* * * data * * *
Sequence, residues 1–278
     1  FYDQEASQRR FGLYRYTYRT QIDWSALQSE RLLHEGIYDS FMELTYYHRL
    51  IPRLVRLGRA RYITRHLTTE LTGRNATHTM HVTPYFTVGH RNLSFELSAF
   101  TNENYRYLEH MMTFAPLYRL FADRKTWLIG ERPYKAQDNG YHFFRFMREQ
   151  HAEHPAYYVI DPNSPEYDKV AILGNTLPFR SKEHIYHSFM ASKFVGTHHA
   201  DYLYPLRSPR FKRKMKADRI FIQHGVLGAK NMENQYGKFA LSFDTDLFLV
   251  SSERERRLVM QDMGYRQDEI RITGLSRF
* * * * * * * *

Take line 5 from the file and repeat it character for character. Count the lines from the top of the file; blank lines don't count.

   151  HAEHPAYYVI DPNSPEYDKV AILGNTLPFR SKEHIYHSFM ASKFVGTHHA